Christine Daniel, Berkeley’s city manager since May 2012, will be leaving in July to become assistant city administrator in neighboring Oakland. Daniel became acting city manager when Phil Kamlarz retired in November 2011, and was appointed to the city’s top role by the City Council six months later. Daniel worked for the city for 15 years.
In recent months, Berkeleyside has heard from multiple residents who still believe they can listen to what’s happening with local police calls on their phones or online.
Berkeley in 2012 was filled with drama — a contested election, a failed nomination for a new school superintendent, a few missteps by the Chief of Police, and major changes at the University of California, among other events. Here’s a recap of the issues that had the deepest impact on Berkeley, plus a few fun ones thrown in.
While eyes across the country are focused on Berkeley’s City Hall to see how it responds to Police Chief Michael Meehan’s attempts to get a reporter to change his story, the eyes at City Hall are all focused on Interim City Manager Christine Daniel.
Phil Kamlarz, city manager for eight years and a city employee for 36, retired this month. He first became a Berkeley city employee as a temporary associate accountant in the Berkeley Public Library in 1975, and a year later transferred to the city manager’s office. He became assistant city manager in 1987, and then acting city manager in 2003, before getting his full appointment the following year.
Phil Kamlarz, Berkeley’s City Manager for the past eight years, today announced his retirement. His last day on the job will be November 30th. Kamlarz has served the city for 36 years.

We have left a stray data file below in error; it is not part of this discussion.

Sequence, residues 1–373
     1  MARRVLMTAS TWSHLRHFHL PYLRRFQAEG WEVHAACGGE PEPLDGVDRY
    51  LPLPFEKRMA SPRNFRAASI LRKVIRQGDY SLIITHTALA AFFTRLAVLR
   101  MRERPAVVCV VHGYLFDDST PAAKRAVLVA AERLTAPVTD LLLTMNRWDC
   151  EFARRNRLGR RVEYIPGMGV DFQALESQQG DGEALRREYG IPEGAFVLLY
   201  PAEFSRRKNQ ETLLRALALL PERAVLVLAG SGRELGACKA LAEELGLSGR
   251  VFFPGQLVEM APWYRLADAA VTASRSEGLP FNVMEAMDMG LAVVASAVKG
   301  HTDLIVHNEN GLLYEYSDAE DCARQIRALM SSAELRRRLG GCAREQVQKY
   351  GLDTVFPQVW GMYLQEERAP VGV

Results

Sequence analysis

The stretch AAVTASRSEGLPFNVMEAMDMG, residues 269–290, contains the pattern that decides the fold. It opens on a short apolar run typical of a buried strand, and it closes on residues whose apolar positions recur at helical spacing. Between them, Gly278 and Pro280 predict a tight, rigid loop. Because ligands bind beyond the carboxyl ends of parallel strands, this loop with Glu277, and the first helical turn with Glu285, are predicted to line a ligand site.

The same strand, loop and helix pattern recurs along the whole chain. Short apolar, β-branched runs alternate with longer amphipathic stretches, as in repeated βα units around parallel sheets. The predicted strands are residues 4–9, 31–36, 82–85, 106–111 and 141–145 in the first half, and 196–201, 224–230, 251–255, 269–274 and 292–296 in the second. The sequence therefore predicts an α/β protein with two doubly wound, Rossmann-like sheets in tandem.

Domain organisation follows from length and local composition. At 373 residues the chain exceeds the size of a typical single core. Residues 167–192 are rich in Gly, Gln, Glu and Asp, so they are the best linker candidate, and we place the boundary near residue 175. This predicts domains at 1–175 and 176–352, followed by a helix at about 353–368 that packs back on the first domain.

The city could achieve annual savings in excess of $4 million, if an agreement reached this week with more than 500 city employees on salary cuts and pensions is also adopted by other union members, according to City Manager Phil Kamlarz.
In order to close a $12.2 million deficit next year – and a projected $13.3 million deficit in 2013 – the city of Berkeley will eliminate 79 positions, cut services, and may raise fees on garbage collection, marina rentals, senior center rentals, and permit inspection fees.
If you are looking for a job in Berkeley, steer clear of City Hall. Instead, head on over to the fire or police department. They pay way more.
Some of the scale of the budget difficulties face by the City of Berkeley was painted graphically at a special session of the City Council last night. The city faces a deficit of $3 million in its general fund and $9.5 million in its special funds that could require the elimination of 96 positions over the next two years.
California State Controller John Chiang started releasing data on city and state employee salaries and compensation last fall. His office is steadily adding to the database: last week data for transit, water, hospital and other agencies was added to the publicly available information.
The City Council tonight will hear a report on mid-year budget revisions for the current fiscal year, designed to respond to a revenue shortfall of $1.8 million. According to City Manager Phil Kamlarz, planned savings are already on track for $1 million. The remaining $800,000 of the deficit will be covered by deferring capital expenditures, primarily from the street rehabilitation budget. An increase in projected expenses from the adopted budget is being covered from $4.62 million from the reserves.